Chuck Lech, branch manager of Dilbeck Realtors with offices in the Conejo Valley and Los Angeles, said the government plan has “absolutely” jump-started the sluggish real estate market.
“It was meant as an incentive and has worked,” he said, adding that low interest rates and the changes in Federal Housing Administration loans have also been a boon to real estate sales.
Formerly, FHA loans were targeted to low-income families, but now the programs are intended for all first-time homebuyers.
Lech estimated that 40 percent of the sales in the Conejo Valley can be attributed to the stimulus plan, an estimate that is backed up by a survey published by the California Association of Realtors.
The association’s 2009 First-time Home Buyers Tax Credit Survey, released on Sept. 18, revealed that about 40 percent of first-time homebuyers reported that the federal tax credit played a critical role in their decision to purchase a home. The association surveyed 200 first-time homebuyers in California to determine the effectiveness of the government program.
“It is clear that the federal tax credit for first-time homebuyers is working, as evidenced by the spike in home sales in recent months,” said association president James Liptak. “This tax credit is arguably the most successful strategy employed by the government . . . to stimulate the housing market.”
I have the FTHB Tax credit survey and it doesn't differentiate between buyers who were thinking about buying and just moved up their buying decision a bit sooner and those who weren't thinking of buying but bought because of the tax credit.From the previously posted charts for sales for Ventura. You will notice a big temporary spike in YoY numbers due to both seasonality and the fact the the initial $7500 credit that had to be paid back was allowed in April of 2008. Then you see diminishing returns as far as effectiveness, then the government gave $8,000 tax free in January2009 and you capture a new group of buyers (a lot of that YoY bounce is due to extremely favorable comparison, early 2008 was the worst sales in history). And as we move on into the market there are fewer and fewer suckers willing to spend HUNDREDS OF THOUSANDS OF DOLLARS just to get $8,000 back. My estimate for Dataquick for September 2009 is ~735 which would be down 8-9% YoY and the third consecutive lower YoY comparison.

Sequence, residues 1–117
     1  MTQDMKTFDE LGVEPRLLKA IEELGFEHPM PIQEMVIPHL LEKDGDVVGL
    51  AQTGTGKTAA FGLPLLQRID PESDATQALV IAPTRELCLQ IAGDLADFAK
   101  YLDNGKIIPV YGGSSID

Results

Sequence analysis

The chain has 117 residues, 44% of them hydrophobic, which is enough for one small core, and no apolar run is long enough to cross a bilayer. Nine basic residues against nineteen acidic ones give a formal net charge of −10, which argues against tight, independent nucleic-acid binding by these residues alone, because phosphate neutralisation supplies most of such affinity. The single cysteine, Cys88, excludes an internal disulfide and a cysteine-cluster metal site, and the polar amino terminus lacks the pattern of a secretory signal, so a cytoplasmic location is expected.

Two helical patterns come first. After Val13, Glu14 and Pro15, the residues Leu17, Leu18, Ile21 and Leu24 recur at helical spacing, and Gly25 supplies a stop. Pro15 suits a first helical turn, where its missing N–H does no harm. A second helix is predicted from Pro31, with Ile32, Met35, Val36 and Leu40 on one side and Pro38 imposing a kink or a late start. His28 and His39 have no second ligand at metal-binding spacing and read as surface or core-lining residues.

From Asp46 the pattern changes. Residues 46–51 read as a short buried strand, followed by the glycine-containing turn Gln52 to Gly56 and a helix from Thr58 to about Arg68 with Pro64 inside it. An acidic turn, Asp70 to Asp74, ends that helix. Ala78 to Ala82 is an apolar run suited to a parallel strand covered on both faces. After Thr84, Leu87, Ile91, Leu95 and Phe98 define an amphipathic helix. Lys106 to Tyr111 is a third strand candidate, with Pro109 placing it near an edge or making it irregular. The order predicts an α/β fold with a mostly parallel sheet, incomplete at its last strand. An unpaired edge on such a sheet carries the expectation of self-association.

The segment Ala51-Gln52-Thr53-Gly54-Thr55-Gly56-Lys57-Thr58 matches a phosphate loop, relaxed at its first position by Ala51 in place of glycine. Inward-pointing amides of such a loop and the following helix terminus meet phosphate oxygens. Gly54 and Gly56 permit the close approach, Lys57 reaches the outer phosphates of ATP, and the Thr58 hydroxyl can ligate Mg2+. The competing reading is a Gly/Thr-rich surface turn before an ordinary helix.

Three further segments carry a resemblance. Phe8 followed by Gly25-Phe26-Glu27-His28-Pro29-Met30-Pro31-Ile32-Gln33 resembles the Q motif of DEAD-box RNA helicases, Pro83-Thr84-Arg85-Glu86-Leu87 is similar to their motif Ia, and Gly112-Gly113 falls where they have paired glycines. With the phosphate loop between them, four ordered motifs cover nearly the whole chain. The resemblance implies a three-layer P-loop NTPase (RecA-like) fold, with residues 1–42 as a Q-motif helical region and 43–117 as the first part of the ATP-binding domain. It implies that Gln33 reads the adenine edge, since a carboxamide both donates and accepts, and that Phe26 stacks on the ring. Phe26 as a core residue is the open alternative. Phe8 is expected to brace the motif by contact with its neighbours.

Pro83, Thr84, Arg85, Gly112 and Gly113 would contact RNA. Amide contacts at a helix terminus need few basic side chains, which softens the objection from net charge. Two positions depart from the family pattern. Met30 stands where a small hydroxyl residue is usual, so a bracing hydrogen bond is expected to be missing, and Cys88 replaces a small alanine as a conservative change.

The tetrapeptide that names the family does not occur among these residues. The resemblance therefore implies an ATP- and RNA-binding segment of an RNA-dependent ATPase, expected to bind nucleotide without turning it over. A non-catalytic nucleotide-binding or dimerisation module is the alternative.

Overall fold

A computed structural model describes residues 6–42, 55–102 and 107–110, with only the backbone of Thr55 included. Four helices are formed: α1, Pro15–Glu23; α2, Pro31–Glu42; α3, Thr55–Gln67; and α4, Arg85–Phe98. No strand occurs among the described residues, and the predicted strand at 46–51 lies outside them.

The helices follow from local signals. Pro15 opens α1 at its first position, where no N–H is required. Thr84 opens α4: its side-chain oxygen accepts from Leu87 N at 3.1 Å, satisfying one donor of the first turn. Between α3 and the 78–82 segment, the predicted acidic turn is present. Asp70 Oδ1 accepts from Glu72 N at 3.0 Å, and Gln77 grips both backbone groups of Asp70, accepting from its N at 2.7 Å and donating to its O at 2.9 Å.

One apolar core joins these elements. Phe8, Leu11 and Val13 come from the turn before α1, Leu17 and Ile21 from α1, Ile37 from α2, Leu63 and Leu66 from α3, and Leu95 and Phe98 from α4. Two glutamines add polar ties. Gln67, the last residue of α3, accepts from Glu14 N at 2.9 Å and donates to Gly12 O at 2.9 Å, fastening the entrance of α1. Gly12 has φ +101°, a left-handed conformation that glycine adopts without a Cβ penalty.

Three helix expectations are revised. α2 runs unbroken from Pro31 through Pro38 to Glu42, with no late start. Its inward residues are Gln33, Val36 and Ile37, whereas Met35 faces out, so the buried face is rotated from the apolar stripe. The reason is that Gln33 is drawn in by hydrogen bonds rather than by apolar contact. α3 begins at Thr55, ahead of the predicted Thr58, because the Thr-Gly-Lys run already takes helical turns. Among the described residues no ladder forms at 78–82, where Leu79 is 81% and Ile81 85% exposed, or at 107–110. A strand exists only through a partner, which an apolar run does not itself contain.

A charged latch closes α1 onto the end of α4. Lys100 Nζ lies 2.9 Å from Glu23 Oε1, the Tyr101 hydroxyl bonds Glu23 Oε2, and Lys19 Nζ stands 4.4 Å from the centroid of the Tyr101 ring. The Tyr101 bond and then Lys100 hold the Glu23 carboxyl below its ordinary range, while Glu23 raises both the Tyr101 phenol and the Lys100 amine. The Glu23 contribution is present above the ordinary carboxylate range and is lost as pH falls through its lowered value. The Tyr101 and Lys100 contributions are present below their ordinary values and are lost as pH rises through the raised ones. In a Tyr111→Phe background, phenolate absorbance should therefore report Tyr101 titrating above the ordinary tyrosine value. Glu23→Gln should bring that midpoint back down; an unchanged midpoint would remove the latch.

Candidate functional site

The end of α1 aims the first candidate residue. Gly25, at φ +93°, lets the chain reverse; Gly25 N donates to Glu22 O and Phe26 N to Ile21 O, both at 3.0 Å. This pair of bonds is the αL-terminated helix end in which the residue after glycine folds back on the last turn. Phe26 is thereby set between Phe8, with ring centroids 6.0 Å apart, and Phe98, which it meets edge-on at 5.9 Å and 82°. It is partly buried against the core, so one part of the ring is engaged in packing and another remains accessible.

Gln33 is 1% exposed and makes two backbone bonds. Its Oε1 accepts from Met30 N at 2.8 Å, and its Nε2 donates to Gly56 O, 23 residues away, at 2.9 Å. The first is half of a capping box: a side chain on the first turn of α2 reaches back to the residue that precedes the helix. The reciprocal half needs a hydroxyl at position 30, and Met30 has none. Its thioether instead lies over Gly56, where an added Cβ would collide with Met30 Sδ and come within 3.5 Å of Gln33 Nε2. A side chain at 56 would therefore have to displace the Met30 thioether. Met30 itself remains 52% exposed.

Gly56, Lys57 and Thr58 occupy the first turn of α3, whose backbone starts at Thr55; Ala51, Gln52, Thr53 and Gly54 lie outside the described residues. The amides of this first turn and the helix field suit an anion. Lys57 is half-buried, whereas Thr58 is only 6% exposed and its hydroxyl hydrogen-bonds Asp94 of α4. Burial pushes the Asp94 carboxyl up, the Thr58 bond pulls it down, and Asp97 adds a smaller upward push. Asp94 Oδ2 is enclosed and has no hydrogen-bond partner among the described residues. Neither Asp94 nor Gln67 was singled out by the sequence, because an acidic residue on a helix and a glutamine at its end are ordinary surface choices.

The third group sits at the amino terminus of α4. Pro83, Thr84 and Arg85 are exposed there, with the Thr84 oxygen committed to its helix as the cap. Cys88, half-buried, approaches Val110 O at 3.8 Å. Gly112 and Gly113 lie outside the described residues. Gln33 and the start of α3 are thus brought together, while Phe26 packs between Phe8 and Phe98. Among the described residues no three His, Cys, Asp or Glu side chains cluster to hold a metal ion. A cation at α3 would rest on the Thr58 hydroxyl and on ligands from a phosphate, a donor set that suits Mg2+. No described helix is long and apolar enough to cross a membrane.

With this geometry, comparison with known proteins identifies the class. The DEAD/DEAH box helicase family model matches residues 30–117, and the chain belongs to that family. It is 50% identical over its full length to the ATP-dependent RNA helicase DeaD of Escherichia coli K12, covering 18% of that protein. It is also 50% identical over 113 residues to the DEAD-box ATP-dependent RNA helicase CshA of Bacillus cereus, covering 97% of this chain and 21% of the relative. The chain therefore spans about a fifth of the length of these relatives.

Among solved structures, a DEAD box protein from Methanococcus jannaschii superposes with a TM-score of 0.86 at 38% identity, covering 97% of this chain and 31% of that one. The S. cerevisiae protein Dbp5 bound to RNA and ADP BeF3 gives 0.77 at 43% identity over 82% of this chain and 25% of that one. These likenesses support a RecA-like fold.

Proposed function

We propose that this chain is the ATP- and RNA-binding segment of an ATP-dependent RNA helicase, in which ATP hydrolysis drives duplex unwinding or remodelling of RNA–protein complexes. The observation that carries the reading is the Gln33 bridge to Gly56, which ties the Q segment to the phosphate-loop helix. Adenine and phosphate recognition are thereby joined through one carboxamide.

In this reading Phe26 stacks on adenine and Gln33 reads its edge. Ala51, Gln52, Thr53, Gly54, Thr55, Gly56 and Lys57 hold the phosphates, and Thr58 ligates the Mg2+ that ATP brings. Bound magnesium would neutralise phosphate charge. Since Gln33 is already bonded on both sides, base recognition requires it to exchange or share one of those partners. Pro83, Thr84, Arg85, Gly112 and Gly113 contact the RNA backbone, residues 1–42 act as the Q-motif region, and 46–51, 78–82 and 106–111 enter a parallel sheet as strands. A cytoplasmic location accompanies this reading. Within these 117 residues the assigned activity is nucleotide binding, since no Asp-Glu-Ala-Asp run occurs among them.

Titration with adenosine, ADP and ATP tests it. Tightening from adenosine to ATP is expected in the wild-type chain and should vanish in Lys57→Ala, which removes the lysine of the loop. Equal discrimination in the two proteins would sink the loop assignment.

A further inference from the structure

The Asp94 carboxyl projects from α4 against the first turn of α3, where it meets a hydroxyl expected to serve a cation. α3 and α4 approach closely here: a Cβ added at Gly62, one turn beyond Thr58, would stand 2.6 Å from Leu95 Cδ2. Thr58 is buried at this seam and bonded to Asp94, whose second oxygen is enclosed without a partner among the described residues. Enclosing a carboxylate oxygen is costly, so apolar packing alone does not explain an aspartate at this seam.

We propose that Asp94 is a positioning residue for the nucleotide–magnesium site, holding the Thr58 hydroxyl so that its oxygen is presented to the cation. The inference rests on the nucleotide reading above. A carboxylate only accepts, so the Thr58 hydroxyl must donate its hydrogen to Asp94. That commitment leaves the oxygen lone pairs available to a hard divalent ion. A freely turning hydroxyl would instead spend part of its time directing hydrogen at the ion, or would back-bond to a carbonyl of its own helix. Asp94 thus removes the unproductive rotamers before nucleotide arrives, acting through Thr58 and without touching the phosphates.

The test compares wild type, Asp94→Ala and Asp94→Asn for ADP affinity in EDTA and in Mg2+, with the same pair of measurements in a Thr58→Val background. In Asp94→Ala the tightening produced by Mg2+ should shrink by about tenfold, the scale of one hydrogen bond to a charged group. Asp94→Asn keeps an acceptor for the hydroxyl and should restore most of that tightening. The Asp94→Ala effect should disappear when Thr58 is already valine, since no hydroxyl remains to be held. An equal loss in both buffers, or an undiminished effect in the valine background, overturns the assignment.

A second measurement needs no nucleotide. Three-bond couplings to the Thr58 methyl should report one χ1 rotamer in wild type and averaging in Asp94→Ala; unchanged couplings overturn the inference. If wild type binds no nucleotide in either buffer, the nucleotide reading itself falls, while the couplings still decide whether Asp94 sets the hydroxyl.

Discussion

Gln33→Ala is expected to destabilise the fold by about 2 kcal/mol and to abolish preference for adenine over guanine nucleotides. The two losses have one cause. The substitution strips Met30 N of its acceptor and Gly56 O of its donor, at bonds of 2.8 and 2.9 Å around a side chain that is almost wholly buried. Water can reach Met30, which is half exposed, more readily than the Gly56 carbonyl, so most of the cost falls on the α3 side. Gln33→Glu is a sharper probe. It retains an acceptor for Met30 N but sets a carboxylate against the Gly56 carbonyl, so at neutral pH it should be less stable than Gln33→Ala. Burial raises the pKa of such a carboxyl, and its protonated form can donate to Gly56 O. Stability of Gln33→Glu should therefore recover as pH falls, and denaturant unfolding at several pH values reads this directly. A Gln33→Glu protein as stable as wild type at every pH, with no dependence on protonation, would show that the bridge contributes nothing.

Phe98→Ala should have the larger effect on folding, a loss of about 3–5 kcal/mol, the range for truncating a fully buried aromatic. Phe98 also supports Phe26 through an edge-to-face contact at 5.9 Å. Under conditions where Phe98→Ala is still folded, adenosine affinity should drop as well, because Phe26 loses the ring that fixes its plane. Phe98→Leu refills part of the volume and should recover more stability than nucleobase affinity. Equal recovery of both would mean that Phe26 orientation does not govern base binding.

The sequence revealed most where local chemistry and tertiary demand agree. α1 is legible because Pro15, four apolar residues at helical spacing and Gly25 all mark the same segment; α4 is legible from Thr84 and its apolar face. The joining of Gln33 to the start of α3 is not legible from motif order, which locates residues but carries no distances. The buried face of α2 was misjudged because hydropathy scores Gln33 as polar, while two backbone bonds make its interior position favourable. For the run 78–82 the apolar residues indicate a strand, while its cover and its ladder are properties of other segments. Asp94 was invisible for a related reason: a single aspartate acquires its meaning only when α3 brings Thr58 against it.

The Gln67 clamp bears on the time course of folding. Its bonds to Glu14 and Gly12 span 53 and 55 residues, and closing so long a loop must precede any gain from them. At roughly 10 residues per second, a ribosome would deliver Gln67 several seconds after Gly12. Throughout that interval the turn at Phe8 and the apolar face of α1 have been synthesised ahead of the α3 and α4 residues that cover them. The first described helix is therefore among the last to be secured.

If this is "absolutely" and "clearly" jump started the RE market and was "arguably the most successful strategy employed by the government . . . to stimulate the housing market" then that is more a sad story regarding the effectiveness of our government than anything else. The RE industry is doing exactly what the car industry did, trying to get a handout and keep it going. Except they are just stealing forward future demand than stimulating new demand, as we saw in todays post-Cash For Clunkers auto sales numbers. Sales are historically very low even though rates are at a ultra-low 5%, a tax credit and the FHA guidelines are very loose (as we saw in yesterdays "You can't teach stupid" update).
The tax credit is an extremely expensive way to stimulate sales, with each marginal sale estimated to cost $43,000. The RE industry is desperate for sales at any cost and is pulling out the stops to get another handout. The NAR is very powerful and I would be shocked if they didn't at least get an extension if not another expansion altogether.